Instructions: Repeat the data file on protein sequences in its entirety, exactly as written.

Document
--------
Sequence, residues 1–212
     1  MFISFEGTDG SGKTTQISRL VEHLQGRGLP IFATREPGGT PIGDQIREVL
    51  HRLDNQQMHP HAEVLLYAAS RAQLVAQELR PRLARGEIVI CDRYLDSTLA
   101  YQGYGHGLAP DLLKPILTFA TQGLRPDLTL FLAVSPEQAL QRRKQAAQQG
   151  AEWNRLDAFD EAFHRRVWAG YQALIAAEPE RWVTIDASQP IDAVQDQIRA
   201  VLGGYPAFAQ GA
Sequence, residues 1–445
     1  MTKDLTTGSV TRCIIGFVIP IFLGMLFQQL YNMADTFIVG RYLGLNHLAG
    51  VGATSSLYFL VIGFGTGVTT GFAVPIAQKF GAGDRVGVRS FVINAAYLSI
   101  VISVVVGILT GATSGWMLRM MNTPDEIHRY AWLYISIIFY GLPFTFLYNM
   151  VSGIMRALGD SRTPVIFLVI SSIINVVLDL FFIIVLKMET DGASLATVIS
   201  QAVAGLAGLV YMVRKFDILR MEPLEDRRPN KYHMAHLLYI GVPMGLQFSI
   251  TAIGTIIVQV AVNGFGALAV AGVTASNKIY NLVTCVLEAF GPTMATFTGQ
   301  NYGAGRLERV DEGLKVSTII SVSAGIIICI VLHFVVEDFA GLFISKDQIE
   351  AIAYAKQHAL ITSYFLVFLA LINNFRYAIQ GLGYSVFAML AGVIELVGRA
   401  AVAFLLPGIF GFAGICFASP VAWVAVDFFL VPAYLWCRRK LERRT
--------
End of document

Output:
Sequence, residues 1–212
     1  MFISFEGTDG SGKTTQISRL VEHLQGRGLP IFATREPGGT PIGDQIREVL
    51  HRLDNQQMHP HAEVLLYAAS RAQLVAQELR PRLARGEIVI CDRYLDSTLA
   101  YQGYGHGLAP DLLKPILTFA TQGLRPDLTL FLAVSPEQAL QRRKQAAQQG
   151  AEWNRLDAFD EAFHRRVWAG YQALIAAEPE RWVTIDASQP IDAVQDQIRA
   201  VLGGYPAFAQ GA
Sequence, residues 1–445
     1  MTKDLTTGSV TRCIIGFVIP IFLGMLFQQL YNMADTFIVG RYLGLNHLAG
    51  VGATSSLYFL VIGFGTGVTT GFAVPIAQKF GAGDRVGVRS FVINAAYLSI
   101  VISVVVGILT GATSGWMLRM MNTPDEIHRY AWLYISIIFY GLPFTFLYNM
   151  VSGIMRALGD SRTPVIFLVI SSIINVVLDL FFIIVLKMET DGASLATVIS
   201  QAVAGLAGLV YMVRKFDILR MEPLEDRRPN KYHMAHLLYI GVPMGLQFSI
   251  TAIGTIIVQV AVNGFGALAV AGVTASNKIY NLVTCVLEAF GPTMATFTGQ
   301  NYGAGRLERV DEGLKVSTII SVSAGIIICI VLHFVVEDFA GLFISKDQIE
   351  AIAYAKQHAL ITSYFLVFLA LINNFRYAIQ GLGYSVFAML AGVIELVGRA
   401  AVAFLLPGIF GFAGICFASP VAWVAVDFFL VPAYLWCRRK LERRT